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Clipboard API

It is a simple API that provides access to the operating system’s clipboard. You can paste content on it and even read from it. Pasting the content on the clipboard does not require any permission, but accessing the clipboard’s content is gated behind the Permission API.

Here is how clipboard API writes to the OS clipboard:

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You can read from the clipboard like this:

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Intersection Observer API

As the name suggests, it is an Observer API. It notice changes in real-time. This API observes an element intersection with another element and then fires a callback function when it occurs.

The Intersection Observer API provides a DOM element’s visibility access relative to another element. It is asynchronous and observes the changes in a DOM element. The API has several use cases but is mostly used for the following:

Lazy Loading Infinite Scroll Visibility of advertisement Executing Animations

Permissions API

This web API lets you access the permission status of different APIs in a generalized manner. Using it, you can see whether a particular API has been granted permission or not. Unfortunately, this API is not supported on both Safari and Internet Explorer. It is also not supported on several versions of Firefox.

History API

This API lets you go back and forth between web pages in your session history. It’s a relatively simple API, and you can use it through the window object. It has a single interface that contains several methods. Among these methods, two of them let you go back and forth between the user’s history.

You can go back to the previous page in the session history using the back method provided by the History interface.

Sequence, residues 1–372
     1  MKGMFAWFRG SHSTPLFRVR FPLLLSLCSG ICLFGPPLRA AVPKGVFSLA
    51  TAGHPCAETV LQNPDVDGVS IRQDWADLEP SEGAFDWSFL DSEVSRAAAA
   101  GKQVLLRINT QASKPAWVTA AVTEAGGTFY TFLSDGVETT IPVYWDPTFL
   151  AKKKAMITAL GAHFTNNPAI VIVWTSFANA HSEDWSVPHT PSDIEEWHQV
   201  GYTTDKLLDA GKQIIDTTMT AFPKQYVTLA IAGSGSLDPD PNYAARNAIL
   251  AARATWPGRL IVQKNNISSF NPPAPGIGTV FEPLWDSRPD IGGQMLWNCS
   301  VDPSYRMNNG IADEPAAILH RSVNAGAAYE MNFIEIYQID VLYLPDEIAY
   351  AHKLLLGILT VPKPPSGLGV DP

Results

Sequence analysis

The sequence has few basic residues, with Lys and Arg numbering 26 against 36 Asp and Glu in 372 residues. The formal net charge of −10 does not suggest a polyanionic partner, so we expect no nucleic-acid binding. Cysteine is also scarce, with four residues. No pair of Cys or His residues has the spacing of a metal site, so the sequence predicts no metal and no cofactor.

Vanilla JavaScript

HTML Drag And Drop API

This API lets you make elements draggable in a website. All you need to do is set the value of draggable property to true. Afterward, you would need to write down appropriate functions to handle different events like the drag, drop, dragover, etc. These events fires at different intervals when you start dragging an element.

Howdy, you! You can drag me into the top and bottom blocks.

Web Storage API

It is a Web API that provides you with different functions to store key/value pairs in your browser. It is often referred to as DOM storage to store client-side data that you do not want to send with an HTTP request header.

Web Storage API is different from cookies because it provides more storage capacity. There are two types of Web Storage APIs:

  • Local Storage
  • Session Storage

You can easily write data to the local storage. Let’s take a look at how:

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Reading the data is also quite simple:

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You can also delete the data you stored in local storage:

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Wrap Up

These are some of the many Web APIs that browsers provide you from the get-go. They are simple and easy to use. Before we wrap up, we have written pieces on almost all of these APIs that you can find here.